Phytoplankton—unicellular algae in the surface layer of lakes and oceans—fuel the lacustrine and marine food chains and play a key role in regulating atmospheric carbon dioxide concentrations. How will rising carbon dioxide concentrations in the air and surface ocean in turn affect phytoplankton? Answering this question is crucial for projecting future climate change. However, because phytoplankton species populations appear and disappear within weeks, assessing change requires high-resolution monitoring of annual cycles over many years. Such long-term studies at coastal sites ranging from estuaries and harbors to open coastlines and islands are yielding bewildering variability, but also fundamental insights on the driving forces that underlie phytoplankton cycles.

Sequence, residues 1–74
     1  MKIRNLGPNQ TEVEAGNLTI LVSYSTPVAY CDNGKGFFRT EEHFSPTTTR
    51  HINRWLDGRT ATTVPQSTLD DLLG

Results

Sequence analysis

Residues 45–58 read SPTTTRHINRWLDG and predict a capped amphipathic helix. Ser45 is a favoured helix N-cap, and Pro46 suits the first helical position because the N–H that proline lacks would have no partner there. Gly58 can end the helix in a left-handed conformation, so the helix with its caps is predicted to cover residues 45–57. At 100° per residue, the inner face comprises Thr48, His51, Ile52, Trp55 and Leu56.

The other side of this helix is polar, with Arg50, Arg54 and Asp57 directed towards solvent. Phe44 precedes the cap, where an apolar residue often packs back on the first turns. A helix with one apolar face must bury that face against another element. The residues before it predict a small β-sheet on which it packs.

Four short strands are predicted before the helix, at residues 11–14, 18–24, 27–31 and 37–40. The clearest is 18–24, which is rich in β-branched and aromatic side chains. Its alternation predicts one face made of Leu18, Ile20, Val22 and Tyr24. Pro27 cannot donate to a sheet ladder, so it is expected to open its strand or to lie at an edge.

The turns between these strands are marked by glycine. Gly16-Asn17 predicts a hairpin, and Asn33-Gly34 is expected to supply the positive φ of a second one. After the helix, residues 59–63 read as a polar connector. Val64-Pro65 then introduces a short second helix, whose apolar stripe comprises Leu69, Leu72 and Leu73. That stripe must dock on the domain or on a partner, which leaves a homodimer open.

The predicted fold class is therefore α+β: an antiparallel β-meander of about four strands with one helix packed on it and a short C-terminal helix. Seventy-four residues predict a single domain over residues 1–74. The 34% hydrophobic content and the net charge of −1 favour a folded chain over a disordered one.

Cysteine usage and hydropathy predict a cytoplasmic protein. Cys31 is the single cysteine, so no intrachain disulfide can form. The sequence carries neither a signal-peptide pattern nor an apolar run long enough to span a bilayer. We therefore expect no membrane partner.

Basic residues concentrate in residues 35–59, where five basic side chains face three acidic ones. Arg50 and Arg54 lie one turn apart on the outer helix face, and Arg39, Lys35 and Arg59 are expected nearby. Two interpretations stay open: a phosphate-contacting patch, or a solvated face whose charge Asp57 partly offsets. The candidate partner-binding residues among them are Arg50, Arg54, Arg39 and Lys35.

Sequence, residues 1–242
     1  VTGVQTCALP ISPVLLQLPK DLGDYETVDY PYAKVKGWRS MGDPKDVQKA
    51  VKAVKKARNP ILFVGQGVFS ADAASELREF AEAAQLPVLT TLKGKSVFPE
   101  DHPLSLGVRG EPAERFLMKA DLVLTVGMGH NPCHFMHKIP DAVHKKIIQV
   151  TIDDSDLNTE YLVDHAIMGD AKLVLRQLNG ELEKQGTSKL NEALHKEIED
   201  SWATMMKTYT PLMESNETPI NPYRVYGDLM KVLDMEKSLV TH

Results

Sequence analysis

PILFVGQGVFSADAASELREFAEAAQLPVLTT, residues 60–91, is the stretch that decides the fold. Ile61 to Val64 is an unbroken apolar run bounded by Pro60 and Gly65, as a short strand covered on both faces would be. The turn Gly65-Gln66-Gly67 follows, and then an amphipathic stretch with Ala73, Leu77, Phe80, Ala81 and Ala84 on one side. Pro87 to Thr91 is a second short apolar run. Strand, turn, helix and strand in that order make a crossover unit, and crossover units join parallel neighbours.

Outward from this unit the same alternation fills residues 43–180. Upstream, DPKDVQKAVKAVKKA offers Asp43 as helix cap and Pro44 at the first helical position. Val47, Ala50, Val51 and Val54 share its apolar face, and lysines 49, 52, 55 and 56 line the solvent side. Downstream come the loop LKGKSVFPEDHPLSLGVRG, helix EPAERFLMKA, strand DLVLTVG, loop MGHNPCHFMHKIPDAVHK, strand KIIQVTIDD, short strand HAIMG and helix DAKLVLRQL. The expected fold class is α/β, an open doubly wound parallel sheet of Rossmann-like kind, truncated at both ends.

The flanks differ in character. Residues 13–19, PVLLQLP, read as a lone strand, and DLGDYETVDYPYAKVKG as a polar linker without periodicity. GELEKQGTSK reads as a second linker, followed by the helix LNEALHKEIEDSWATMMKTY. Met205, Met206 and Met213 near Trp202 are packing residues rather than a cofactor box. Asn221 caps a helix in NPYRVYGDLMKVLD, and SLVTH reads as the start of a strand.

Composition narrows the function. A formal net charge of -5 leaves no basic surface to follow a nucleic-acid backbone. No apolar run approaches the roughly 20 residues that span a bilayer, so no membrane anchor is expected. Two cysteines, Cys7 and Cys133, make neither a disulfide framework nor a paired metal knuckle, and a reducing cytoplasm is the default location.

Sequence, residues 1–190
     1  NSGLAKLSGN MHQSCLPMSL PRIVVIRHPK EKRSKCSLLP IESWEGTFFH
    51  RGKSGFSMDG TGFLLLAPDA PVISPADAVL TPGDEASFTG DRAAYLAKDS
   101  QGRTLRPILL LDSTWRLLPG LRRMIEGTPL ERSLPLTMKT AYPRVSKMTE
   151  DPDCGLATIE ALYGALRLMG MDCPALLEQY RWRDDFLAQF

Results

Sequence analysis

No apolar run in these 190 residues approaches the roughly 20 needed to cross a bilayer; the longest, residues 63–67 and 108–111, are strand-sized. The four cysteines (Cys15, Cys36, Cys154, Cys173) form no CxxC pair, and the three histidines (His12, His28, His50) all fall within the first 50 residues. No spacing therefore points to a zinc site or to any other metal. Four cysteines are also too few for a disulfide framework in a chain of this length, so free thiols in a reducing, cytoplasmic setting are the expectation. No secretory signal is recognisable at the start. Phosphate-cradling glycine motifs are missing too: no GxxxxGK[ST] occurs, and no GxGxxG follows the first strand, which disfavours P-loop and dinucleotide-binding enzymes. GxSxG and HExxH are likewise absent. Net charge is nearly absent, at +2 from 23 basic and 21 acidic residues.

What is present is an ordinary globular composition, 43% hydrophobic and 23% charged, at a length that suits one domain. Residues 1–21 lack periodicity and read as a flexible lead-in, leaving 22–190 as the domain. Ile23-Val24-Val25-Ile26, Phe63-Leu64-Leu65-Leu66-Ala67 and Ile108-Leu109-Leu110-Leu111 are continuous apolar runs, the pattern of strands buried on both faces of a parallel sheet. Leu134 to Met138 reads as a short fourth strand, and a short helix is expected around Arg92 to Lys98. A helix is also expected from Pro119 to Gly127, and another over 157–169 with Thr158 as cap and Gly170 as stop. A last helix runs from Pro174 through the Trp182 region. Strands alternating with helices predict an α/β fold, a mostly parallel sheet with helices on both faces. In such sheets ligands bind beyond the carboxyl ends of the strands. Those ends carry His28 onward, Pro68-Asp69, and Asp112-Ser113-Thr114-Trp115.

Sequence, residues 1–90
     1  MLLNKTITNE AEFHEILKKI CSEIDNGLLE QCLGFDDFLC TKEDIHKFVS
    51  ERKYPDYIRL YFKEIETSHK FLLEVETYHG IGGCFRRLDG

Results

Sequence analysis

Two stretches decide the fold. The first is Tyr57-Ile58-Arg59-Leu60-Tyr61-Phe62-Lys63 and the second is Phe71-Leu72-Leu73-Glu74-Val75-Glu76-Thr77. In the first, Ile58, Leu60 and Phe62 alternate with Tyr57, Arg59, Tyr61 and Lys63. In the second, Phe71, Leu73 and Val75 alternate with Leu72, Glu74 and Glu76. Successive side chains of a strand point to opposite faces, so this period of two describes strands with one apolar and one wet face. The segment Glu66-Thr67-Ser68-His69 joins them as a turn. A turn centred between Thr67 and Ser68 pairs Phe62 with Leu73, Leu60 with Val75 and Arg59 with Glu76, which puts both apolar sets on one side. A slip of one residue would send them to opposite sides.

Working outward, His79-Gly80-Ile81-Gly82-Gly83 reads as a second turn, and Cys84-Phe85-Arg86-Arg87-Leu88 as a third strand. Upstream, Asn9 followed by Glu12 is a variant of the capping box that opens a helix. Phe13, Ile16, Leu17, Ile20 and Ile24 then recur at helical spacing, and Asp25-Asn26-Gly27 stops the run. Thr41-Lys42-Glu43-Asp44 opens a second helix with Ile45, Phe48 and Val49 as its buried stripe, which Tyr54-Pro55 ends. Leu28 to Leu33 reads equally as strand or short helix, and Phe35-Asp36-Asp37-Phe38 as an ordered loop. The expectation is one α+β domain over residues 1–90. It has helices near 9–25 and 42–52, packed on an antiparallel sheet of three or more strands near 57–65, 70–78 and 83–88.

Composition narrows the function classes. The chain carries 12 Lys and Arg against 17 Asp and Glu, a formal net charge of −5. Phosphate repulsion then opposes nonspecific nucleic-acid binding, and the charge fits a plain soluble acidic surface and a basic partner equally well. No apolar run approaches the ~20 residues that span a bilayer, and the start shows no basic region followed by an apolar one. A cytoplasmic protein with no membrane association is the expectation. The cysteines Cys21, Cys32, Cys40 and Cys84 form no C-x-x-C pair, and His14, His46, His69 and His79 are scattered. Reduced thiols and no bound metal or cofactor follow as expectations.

|Publication Subtype||Journal Article|
|Title||On phytoplankton trends|
|Contributing office(s)||Toxic Substances Hydrology Program|
|Google Analytic Metrics||Metrics page|